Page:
The FX team ran simulations for the fire flickering behaviour, with realistic vorticity and buoyancy, in addition to creating its sudden dissipation at the end of the shot.  Gosling’s performance was rotomated in order that the flames could be wrapped closely to his body.  Further visual effects techniques were used to singe the actor’s clothes, so that it looks as though they are burning, with incremental damage.

In another spectacular shot involving fire, Colt is being held captive on a harbour side and the bad guys douse him with gasoline before advancing with a flame to set him alight. Having taken a mouth full of the fuel, Colt spits flames across them in a dazzling fire-breathing trick, before escaping in a speedboat.

Reference of fire-breathing stunts was provided by the production, but additional research was required of fireballs and similarly structured pyrotechnics in order to push the scale and intensity of the effect. Gosling had been filmed spitting out water, which resembles gasoline; Cinesite’s team added our simulated fireball FX, complete with smoke and embers, volumetric lighting and surrounding air turbulence, all to give a photorealistic quality.

The fire throughout Cinesite’s sequences was created using advanced computational fluid dynamics solvers and combustion models to simulate the turbulence of the flow of gasoline, or relevant gaseous fuel. In addition, in every shot the FX team carefully considered the air production of the fire, how it creates turbulence and its heat release.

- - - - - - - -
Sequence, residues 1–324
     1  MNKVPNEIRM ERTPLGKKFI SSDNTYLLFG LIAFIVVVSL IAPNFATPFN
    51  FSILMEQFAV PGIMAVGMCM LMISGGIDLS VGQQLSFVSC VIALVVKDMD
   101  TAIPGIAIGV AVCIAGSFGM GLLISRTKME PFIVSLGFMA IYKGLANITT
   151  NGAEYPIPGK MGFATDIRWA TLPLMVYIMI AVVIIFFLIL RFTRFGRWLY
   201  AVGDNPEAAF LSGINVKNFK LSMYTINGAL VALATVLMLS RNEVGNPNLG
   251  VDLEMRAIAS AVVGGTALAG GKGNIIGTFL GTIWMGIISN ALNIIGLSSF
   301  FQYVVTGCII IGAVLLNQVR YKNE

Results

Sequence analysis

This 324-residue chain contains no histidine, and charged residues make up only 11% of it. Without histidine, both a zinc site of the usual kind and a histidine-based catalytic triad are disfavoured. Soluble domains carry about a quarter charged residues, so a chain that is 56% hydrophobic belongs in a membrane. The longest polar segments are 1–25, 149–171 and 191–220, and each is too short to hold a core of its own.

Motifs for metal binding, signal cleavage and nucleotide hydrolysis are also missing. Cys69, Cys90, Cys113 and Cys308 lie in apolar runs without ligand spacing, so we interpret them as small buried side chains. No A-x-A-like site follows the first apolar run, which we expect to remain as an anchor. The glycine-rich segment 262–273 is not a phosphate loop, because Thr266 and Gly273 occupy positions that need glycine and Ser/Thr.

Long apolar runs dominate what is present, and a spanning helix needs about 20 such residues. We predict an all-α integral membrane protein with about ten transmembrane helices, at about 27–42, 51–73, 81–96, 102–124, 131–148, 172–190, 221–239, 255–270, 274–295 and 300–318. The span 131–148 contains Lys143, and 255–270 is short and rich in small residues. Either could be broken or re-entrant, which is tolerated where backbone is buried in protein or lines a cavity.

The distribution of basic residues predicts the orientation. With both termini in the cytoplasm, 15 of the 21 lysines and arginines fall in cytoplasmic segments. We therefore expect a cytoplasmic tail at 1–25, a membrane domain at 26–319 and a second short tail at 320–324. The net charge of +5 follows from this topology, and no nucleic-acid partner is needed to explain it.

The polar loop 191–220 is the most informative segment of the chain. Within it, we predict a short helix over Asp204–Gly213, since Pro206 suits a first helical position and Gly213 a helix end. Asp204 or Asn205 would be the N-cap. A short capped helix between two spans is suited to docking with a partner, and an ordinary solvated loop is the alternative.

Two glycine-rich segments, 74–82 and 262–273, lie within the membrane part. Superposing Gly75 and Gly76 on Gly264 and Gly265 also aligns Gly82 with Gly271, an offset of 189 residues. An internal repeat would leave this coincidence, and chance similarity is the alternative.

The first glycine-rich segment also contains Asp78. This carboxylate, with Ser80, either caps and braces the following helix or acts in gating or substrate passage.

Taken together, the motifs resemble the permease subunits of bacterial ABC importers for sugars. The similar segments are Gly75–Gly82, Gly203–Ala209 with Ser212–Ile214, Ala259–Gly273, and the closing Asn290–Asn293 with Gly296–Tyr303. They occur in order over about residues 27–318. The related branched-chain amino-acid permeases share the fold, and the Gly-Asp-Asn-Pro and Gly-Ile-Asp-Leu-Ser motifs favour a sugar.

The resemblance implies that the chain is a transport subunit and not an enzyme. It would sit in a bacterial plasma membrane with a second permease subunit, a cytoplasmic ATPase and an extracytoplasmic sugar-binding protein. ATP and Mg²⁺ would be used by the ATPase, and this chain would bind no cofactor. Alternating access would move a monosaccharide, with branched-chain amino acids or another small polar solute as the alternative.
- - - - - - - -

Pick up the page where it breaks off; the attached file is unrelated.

The harbour-side fire breathing sequence is set on the Parramatta River beside Sydney Harbour Bridge. As Colt escapes in a speedboat with the bad guys in pursuit, one aerial shot shows Colt’s boat weaving between obstacles, establishing the wider Harbour location. At the climax of the sequence he drives hard into a floating pontoon, which explodes spectacularly.  

Although much of the sequence was captured in camera on location in Sydney, Cinesite contributed both of these almost entirely computer generated shots. This involved recreating the boat, pontoon and surrounding water all digitally, in addition to the huge explosion. Creating the boat in CG crashing into the pontoon meant that the action could be carefully choreographed, and realistic impact dynamics and debris could be integrated into the shot, as well as lighting and water ripples.